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  • The Dark Tangent
    commented on 's reply
    It is fast reading and enjoyable, half mystery have personal journey, she has a winning formula.

  • toomedium
    replied
    I’ve been reading the murderbot series by Martha Wells. Good story, well told.

    Leave a comment:


  • mikko
    replied
    Originally posted by The Dark Tangent View Post
    With the book club dead maybe we can just talk about books we have read or plan to read.

    My "aspirational" purchases are usually books I hope to have time to read, and looking back on recent purchases it has been:Kind of an open source / behind the curtain theme. I'll let you know how they are.
    I hear "If It's Smart, It's Vulnerable" has at least a great foreword.

    Mikko

    Leave a comment:


  • Tree
    replied
    I read ready player one like 7 years ago, good book.

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  • dmr
    replied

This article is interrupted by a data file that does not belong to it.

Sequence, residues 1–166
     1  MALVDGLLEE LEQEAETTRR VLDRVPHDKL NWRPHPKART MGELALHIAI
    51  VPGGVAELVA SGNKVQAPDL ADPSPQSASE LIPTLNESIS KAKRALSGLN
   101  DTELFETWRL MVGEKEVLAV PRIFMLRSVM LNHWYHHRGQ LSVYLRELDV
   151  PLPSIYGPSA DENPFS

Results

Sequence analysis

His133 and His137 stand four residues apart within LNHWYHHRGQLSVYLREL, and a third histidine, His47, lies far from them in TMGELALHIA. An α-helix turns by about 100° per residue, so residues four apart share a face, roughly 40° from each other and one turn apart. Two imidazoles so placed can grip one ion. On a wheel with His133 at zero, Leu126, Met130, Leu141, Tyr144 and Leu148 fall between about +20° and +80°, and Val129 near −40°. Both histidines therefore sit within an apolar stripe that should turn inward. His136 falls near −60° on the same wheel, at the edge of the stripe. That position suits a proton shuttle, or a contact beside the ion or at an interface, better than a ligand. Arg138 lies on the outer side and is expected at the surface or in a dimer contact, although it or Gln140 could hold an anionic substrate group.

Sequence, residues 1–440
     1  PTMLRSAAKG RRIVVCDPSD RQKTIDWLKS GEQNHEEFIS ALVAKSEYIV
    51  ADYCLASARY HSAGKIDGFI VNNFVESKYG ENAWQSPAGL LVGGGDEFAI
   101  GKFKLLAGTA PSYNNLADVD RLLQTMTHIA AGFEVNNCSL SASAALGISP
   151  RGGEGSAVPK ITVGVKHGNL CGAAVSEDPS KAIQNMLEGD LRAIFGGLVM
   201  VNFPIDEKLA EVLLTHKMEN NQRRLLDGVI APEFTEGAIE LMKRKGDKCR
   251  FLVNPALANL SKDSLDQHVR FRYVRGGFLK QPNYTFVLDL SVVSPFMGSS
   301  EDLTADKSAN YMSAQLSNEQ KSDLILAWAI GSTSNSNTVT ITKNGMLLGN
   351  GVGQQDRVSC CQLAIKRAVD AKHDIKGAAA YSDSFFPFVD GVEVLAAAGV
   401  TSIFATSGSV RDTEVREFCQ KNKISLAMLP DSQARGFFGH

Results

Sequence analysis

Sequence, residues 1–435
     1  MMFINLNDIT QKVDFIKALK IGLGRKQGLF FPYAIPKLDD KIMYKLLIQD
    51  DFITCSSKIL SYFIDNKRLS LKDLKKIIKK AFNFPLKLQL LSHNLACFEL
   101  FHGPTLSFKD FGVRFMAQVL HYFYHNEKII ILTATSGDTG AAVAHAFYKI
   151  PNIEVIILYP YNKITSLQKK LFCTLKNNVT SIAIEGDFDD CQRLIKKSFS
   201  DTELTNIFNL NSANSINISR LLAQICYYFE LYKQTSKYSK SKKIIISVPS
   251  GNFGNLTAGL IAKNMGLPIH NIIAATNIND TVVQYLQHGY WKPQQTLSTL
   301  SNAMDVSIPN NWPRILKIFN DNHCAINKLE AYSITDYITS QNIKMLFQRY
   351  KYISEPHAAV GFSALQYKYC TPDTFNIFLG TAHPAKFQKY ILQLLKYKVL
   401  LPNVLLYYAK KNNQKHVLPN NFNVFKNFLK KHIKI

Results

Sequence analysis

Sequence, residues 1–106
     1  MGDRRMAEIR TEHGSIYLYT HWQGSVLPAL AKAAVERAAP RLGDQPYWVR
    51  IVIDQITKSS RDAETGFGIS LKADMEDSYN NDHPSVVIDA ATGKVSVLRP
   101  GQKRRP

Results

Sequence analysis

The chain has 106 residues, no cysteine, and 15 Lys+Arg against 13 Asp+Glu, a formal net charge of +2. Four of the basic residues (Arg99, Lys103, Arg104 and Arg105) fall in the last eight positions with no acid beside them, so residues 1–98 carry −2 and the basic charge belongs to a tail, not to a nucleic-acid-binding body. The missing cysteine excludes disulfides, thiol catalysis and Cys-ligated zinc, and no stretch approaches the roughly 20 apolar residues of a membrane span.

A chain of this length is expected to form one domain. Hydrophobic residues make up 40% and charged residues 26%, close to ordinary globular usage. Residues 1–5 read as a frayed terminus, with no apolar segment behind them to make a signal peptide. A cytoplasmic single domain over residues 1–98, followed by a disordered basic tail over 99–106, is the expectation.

Originally posted by Winston Hughes View Post
    I am currently reading Les Misérables is a French historical novel by Victor Hugo. This is one of the largest and one of the most incredibly deep and interesting books I have read. I have read half of the book, but I am already convinced that it will become one of my favorite stories for my whole life.
    I remembered enjoying Les Mis when it was assigned reading back in high school. I saw the stage musical, but it was 20-some years after I read the book and although I recognized and remembered the plot and some scenes, memory had faded so I could not really make an educated comparison between the book and the musical. LOL, I also just realized that it's going on 30 years since I saw it on stage. I have never seen the film (any of them).

    One novel I am currently re-reading (almost re-finished, as it's fairly short) is The Catcher In The Rye by J.D. Salinger. This was also assigned reading back in HS. At the time it was noted that it was an "adult" novel, and that so many years before a HS English teacher was indeed fired for assigning it. This, of course, made us all more eager to read it. :)